The Wikileakers should certainly be castigated for their cavalier treatment of classified documents, which may make our troops’ jobs harder and more dangerous. Their enablers in the mainstream media should also come in for censure. Whoever provided the information to them should be prosecuted to the full extent of the law. But at the same time, we should recognize this disclosure for what it is: an unsuccessful attempt to damage the war effort. I doubt that anyone will remember this episode a year from now; what will count, as always, will be the outcome on the battlefield. Win, and a thousand missteps are forgiven; lose, and even the biggest tactical victories fade into insignificance.

The Pentagon Papers they’re not. The New York Times and the Guardian, among others, are touting the massive leak of 92,000 classified documents relating to the Afghanistan War, which was unearthed by the Wikileaks website. What bombshells do these secret memos contain? Pretty much none, if you are an even marginally attentive follower of the news.

In fact, the only new thing I learned from the documents was that the Taliban have attacked coalition aircraft with heat-seeking missiles. That is interesting to learn but not necessarily terribly alarming because, even with such missiles, the insurgents have not managed to take down many aircraft — certainly nothing like the toll that Stingers took on the Red Army in the 1980s.

As for the other “revelations,” here is the best the Times could do after weeks of examining the documents:

The documents … suggest that Pakistan, an ostensible ally of the United States, allows representatives of its spy service to meet directly with the Taliban in secret strategy sessions to organize networks of militant groups that fight against American soldiers in Afghanistan. …

  • The military employs more and more drone aircraft to survey the battlefield and strike targets in Afghanistan, although their performance is less impressive than officially portrayed. Some crash or collide, forcing American troops to undertake risky retrieval missions before the Taliban can claim the drone’s weaponry.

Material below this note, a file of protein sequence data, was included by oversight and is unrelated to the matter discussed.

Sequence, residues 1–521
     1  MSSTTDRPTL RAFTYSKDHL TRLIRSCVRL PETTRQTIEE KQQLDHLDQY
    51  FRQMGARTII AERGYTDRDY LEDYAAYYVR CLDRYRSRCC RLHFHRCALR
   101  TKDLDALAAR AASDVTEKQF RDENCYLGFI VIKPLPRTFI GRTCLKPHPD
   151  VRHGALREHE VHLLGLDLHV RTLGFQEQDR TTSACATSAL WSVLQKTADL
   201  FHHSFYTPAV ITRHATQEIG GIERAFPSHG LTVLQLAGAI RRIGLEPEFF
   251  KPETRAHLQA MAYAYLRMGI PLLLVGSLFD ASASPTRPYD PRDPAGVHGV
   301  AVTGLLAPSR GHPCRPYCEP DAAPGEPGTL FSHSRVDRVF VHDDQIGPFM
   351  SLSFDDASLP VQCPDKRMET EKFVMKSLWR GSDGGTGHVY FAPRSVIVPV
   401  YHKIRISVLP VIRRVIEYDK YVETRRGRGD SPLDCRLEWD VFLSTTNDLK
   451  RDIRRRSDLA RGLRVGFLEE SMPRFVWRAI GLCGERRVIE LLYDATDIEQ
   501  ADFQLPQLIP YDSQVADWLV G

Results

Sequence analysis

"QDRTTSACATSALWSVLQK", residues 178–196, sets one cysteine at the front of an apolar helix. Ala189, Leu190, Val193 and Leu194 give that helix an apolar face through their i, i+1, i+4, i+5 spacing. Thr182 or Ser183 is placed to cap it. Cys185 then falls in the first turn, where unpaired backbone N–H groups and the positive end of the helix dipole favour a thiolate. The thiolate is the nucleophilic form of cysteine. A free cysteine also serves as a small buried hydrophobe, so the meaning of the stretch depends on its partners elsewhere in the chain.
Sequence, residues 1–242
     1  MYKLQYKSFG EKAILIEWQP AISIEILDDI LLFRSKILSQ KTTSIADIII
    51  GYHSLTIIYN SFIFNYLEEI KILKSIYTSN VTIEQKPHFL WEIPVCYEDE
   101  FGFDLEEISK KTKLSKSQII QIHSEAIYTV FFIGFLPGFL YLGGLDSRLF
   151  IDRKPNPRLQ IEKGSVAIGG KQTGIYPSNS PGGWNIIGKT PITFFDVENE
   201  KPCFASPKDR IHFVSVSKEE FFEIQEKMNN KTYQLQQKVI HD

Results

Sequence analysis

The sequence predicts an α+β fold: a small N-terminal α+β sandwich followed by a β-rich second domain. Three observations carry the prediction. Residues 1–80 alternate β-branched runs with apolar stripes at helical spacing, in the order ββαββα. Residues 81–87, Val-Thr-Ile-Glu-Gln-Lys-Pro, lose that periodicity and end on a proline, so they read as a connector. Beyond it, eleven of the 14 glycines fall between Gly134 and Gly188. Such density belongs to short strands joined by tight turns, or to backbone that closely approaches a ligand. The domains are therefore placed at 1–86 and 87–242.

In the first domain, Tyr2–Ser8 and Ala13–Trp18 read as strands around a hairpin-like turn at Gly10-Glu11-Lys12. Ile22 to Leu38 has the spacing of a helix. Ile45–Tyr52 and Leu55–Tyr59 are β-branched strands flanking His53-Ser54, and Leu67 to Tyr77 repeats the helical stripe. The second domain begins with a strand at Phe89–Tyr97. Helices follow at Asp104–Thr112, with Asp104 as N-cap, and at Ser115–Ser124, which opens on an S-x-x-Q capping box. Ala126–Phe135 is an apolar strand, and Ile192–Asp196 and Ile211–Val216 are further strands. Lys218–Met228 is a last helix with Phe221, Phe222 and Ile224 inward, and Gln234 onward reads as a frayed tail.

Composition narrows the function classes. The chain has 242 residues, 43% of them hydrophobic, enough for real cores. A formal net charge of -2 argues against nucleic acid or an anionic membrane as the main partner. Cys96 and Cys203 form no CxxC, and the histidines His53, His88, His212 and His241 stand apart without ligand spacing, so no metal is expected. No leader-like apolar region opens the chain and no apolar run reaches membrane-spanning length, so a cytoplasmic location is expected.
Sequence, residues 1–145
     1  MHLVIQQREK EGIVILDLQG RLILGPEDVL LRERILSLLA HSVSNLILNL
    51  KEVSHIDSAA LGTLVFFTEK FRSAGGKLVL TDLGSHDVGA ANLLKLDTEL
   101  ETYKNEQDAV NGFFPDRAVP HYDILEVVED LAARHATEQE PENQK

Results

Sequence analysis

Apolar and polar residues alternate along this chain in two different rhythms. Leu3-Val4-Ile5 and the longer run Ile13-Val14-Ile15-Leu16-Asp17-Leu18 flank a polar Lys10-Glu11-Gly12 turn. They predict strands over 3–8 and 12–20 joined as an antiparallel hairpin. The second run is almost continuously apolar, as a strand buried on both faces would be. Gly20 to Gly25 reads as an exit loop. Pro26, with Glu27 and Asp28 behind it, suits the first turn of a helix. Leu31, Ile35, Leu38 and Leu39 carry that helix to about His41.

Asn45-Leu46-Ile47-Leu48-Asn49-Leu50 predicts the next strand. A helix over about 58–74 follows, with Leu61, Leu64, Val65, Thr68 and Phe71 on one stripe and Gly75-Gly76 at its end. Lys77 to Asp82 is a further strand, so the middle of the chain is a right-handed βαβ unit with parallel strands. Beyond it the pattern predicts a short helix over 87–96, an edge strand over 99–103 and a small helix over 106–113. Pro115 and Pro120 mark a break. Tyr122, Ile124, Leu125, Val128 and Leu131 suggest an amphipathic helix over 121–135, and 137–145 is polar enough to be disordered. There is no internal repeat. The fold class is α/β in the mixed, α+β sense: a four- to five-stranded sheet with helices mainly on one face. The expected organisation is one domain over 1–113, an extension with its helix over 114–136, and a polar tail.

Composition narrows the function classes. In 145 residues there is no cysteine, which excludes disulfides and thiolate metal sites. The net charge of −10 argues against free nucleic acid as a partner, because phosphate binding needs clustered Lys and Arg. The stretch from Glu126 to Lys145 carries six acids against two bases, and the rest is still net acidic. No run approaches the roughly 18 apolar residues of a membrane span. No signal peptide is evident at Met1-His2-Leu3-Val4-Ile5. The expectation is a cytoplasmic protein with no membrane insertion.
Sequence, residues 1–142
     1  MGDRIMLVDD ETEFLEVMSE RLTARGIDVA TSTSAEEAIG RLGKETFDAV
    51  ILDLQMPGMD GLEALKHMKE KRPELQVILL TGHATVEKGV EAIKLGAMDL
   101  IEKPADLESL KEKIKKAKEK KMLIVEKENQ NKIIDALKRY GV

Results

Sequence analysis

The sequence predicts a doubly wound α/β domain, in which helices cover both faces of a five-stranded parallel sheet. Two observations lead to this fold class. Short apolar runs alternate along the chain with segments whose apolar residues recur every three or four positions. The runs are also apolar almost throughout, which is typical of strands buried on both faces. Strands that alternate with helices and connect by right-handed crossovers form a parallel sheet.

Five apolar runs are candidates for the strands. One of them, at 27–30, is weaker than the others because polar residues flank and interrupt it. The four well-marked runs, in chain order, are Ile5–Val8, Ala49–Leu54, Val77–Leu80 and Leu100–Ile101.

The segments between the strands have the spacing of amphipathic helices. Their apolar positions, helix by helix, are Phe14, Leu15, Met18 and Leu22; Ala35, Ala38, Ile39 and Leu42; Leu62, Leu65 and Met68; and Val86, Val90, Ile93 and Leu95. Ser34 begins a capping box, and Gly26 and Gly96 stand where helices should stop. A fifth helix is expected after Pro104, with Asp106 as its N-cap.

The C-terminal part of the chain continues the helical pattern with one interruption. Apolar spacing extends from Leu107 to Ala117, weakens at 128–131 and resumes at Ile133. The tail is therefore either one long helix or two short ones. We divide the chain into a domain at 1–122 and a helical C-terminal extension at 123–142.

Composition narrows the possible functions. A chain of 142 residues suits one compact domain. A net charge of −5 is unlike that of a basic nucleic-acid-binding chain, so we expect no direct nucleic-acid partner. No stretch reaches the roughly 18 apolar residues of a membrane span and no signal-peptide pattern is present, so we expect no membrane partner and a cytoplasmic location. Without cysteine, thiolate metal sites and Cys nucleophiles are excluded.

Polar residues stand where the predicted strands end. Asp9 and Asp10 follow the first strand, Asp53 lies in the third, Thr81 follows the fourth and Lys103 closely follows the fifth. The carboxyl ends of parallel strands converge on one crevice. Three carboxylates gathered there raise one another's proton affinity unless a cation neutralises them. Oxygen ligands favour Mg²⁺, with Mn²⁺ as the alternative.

• The Central Intelligence Agency has expanded paramilitary operations inside Afghanistan. The units launch ambushes, order airstrikes and conduct night raids. From 2001 to 2008, the C.I.A. paid the budget of Afghanistan’s spy agency and ran it as a virtual subsidiary.
  • Secret commando units like Task Force 373 — a classified group of Army and Navy special operatives — work from a “capture/kill list” of about 70 top insurgent commanders. These missions, which have been stepped up under the Obama administration, claim notable successes, but have sometimes gone wrong, killing civilians and stoking Afghan resentment.

Is it really news to anyone that Pakistan supports the Taliban? Or that Special Operations Forces and the CIA are conducting raids against the Taliban? If so, these must be the worst-kept secrets in the world. Senior U.S. officials have quite openly spoken about Pakistan’s role and about the Special Operations raids. As usual, comments on the CIA’s role have been more circumspect, but the agency’s involvement has been written about in numerous books and articles and not denied by senior officials.

Perhaps the biggest faux news here is that unmanned aerial vehicles sometimes “crash or collide.” This would come as a revelation, presumably, only to those who believe that military operations in wartime should achieve a standard of perfection unknown in any other human activity.

The Guardian, as befitting the more freewheeling (and less factual) culture of British journalism, tries harder to hype the findings, which, it claims, provide a “devastating portrait of the failing war in Afghanistan.” Actually, the documents show no such thing. At most, they provide a ground-level view of difficulties the coalition experienced in Afghanistan between 2001 and 2009.